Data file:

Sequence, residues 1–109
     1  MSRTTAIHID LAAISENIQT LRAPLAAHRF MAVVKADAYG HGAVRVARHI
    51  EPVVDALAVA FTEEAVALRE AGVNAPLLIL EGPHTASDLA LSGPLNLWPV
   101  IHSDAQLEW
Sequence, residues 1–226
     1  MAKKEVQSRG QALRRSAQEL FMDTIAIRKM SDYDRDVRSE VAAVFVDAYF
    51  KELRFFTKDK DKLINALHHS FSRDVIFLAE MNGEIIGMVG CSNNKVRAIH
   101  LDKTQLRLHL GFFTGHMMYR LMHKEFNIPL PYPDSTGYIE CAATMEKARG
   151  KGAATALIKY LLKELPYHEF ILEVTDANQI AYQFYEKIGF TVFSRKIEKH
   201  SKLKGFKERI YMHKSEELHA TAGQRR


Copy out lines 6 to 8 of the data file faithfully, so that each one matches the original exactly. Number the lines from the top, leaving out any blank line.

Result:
     1  MAKKEVQSRG QALRRSAQEL FMDTIAIRKM SDYDRDVRSE VAAVFVDAYF
    51  KELRFFTKDK DKLINALHHS FSRDVIFLAE MNGEIIGMVG CSNNKVRAIH
   101  LDKTQLRLHL GFFTGHMMYR LMHKEFNIPL PYPDSTGYIE CAATMEKARG